Chapter 4 : The Great Bible
Miles Coverdale was a Cambridge graduate, who was ordained priest in 1514, before becoming an Augustinian Friar. Amongst his circle of acquaintances were Robert Barnes, later burnt for heresy, Sir Thomas More, and Cromwell.Coverdale’s views became more evangelical as time passed, and he spent the years 1528 – 1534 abroad. By 1535 he had completed a translation of the Bible, which was the first full translation, and much of which found its way into the King James’ Authorised Version of 1611. Two more editions of the 1537 work were published, and, although it was not an official translation, it appeared in many parish churches from 1st August 1537, from which date all churches were to have an English Bible.
The title page, designed by Holbein, shows Henry VIII brandishing the Sword of Justice in one hand, and giving the Word of God to his bishops with the other. The work is dedicated to Henry saying
‘He only under God is the Chief Head of all the congregation of the Church’.
Coverdale was now free to return to England, where he arranged a further printing of his New Testament, bound together with a copy of the Vulgate.
Another translation appeared in 1537, also licensed for use. This was the Matthew Bible, a combination of translations from Coverdale, Tyndale and Thomas Matthews, chaplain to the Merchant Adventurers in Antwerp. This Bible was Archbishop Cranmer’s personal favourite and was to be used until the Bishops should ‘set forth a better translation’ although he admitted to Cromwell that this would probably not be achieved until ‘the day after Domesday.’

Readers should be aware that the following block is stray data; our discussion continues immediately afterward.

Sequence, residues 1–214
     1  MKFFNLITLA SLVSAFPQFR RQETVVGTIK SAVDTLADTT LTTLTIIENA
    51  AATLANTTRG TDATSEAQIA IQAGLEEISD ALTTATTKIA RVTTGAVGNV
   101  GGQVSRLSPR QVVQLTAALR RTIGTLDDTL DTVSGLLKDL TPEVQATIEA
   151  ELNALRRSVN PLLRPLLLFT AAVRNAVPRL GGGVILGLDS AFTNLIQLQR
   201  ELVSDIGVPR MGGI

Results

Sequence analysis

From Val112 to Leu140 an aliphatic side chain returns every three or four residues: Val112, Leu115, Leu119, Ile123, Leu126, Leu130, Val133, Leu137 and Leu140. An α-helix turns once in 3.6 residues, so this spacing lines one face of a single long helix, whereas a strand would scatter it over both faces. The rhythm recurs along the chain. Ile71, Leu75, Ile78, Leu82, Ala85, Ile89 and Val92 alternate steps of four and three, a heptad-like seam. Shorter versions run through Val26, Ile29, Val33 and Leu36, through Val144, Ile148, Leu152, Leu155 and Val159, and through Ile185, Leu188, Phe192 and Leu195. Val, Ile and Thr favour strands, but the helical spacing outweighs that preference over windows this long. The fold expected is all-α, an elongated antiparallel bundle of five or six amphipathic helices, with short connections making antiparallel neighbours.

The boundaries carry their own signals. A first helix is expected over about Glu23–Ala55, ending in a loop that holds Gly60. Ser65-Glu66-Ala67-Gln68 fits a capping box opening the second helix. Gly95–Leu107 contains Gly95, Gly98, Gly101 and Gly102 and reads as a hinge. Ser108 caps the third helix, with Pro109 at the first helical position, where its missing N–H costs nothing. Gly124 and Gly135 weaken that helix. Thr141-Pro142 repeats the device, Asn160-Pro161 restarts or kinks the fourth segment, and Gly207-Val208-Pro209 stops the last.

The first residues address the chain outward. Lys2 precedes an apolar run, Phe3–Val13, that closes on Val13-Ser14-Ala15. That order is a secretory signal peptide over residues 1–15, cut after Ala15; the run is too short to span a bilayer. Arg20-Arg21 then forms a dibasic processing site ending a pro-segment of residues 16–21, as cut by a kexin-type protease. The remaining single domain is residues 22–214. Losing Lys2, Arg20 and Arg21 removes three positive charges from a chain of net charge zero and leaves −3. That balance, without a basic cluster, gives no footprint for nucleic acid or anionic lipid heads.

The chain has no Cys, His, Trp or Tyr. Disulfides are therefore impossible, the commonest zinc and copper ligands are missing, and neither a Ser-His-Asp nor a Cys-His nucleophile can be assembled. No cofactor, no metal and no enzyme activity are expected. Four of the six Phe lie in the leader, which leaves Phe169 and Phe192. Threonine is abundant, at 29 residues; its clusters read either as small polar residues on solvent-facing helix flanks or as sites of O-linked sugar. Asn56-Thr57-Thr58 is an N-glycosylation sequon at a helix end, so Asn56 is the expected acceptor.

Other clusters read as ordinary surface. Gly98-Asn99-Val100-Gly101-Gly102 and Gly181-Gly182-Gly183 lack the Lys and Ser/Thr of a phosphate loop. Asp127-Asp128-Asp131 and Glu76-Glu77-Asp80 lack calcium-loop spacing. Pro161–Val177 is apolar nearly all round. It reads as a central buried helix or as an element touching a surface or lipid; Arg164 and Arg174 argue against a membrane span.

In fact, Cranmer had already taken steps for a new translation and allocated sections to different bishops for translation. The fact that one of these was the conservative Gardiner, Bishop of Winchester confirms that a desire for an English Bible was not a hallmark of Lutheranism, especially as Gardiner, unlike many of the others, completed his section – the Gospels of Luke and John.
Nevertheless, it was agreed, presumably between the King, Cranmer and Cromwell, that the first authorised translation would be a revision of the Matthew Bible, supervised by Coverdale and with additions from Sebastian Munster’s rendition of the Old Testament from the original Hebrew.
On 5th September 1538 Cromwell, as the King’s Vicegerent in Spirituals, ordered that the Bible be available in all churches by All Saints’ day (1st November), although, in the event, the new translation was delayed.
There was a lack of facilities for printing such a large work, and the copies needed, in London, so Bishop Gardiner was asked to obtain a licence from Francois I for its production in France. The licence was granted, but the French Inquisitor-General smelt heresy and tried to have the book impounded. Fortunately, Coverdale and the printer, Richard Grafton, managed to escape France with the type, the printing press and the sheets completed to date. The work was finished and issued in London in April 1539.
The resulting tome was known as ‘The Great Bible’ not for its brilliance, but for its size – it was to be of a size to be read and consulted by every parishioner.
Cromwell’s desire to see the Bible in English, available to everyone, cannot be denied, yet he saw no harm in turning a profit from it too. He invested £800 in the printing, and obtained a monopoly of the profits of the first five years of print runs. The book was to be of the largest volume, printed on good quality paper, and to cost 10 shillings – Cranmer had thought 13s 4d reasonable. The parish priest and his flock were to share the purchase price between them.Whilst unlearned folk were not to dispute on the content of the Bible, everyone was to be encouraged to read ‘the very lively word of God that every Christian person is bound to embrace, believe and follow’.
This article is part of a Profile on Thomas Cromwell available for Kindle, for purchase from Amazon.